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13 Best Fruit Trees to Grow in Georgia (North & South)

Georgia is a state with a varied climate, meaning it’s one of the few areas where you can grow subtropicals such as citrus fruits in the southeast, as well as cold-hardy juicy apples in the northwest.

If you’re new to the state, make sure you check the hardiness map of Georgia to get an idea of what will grow in your area and get to know the microclimates in your yard.

13 Excellent Fruit Trees You Can Grow in GA

1. Fig Tree (Ficus carica) – North and South Georgia including Atlanta

Fig on Fig tree
Image by Forest and Kim Starr via Flickr

Fig trees are native to the Mediterranean and Western Asia and provide delicious jammy fruit in summer. Fig trees thrive with lots of sun in well-drained loamy soil and are fairly drought tolerant.

Whilst South Georgia growers can grow figs with little problems or protection, growers in the colder northern regions beyond Atlanta may be able to grow figs provided they give the tree some winter protection.

Expect some winter dieback, but provided you protect the roots, trees will grow back and fruit on new growth.

Other Common Names: Common fig

Growing Zones: 8-10 without protection. 6-7 with winter protection

Average Size at Maturity: 10-30 ft tall and 15-20 ft wide.

Varieties Suitable for Georgia: Peter’s Honey, Kadota, Brown Turkey, Flanders, Purple Smyrna, Black Mission, Violette de Bourdeaux, Excel. Conadria Country is suitable for Atlanta

Flowering Season: Spring

2. Pomegranate (Punica granatum) – South Georgia

Pomegranate
Image by Flemming Munch via Flickr

Pomegranates will grow in Georgia provided they aren’t subjected to temperatures below 0 F. They grow as dense and bushy shrubs but are often trained into trees. Pomegranates have long been a staple backyard fruit crop in the south.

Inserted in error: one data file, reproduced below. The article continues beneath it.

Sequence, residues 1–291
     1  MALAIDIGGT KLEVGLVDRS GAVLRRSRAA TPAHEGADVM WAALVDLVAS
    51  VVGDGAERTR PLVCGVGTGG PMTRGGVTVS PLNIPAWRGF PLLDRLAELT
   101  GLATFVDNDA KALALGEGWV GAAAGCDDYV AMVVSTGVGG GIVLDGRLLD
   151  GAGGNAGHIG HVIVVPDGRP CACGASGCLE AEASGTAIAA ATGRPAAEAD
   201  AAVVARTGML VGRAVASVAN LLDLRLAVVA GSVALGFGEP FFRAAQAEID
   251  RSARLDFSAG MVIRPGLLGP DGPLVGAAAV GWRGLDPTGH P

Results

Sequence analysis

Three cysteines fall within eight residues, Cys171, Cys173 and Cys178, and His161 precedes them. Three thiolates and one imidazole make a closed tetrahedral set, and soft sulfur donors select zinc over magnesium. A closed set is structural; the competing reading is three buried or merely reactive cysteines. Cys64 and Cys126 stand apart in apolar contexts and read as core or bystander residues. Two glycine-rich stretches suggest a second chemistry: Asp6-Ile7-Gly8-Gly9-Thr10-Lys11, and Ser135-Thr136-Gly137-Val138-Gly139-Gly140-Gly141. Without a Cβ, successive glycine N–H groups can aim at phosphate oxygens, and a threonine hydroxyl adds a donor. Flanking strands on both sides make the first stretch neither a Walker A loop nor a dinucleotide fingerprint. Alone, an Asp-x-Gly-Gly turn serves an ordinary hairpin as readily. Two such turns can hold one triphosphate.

They’ll tolerate a wide variety of soil conditions, but prefer deep loamy soil, are drought tolerant, and can even withstand some flooding.

Years with late frosts and heavy spring rains can mean that few of the red/orange trumpet-like flowers make it to fruit in the autumn. Gardeners in North GA may be able to grow pomegranates, but trees may freeze back to the roots and resprout in the spring.

Pomegranates are extremely heat tolerant and do best with temperatures above 85 degrees F for at least 120 days a year.

Other Common Names: Seeded Apple

Growing Zones: 8-10

Average Size at Maturity: 12-20 ft tall and 12-20 ft wide

Varieties Suitable for Georgia: Nikitski Ranni, Cranberry, Parfianka, Eversweet, Ambrosia, Wonderful, A.C Sweet, Desertnyi

Flowering Season: Spring and summer

3. Japanese Persimmon (Diospyros kaki) – South Georgia

Persimmon
Image by TANAKA Juuyoh (田中十洋) via Flickr

Japanese Persimmons are deciduous trees capable of growing up to 30ft tall. They can be killed by temperatures below 10 F so as a rule, can’t be grown north of Macon.

Native persimmons (Diospyros virginiana) are tolerant of temperatures down to 20-25 degrees F below zero so can be grown throughout GA, but the flavor of the Japanese Persimmon is considered superior. Asian varieties are self-fertile whilst the native persimmon requires more than one tree for cross-pollination.

Japanese Persimmons will tolerate a wide range of soil types once established, but poor drainage or drought can cause fruit drop. Persimmon trees require little maintenance thanks to their deep taproot and tend to fruit heavily biennially. Fruit thinning can help with regular annual harvests.

Other Common Names: Oriental Persimmon, Chinese Persimmon

Growing Zones: 7-11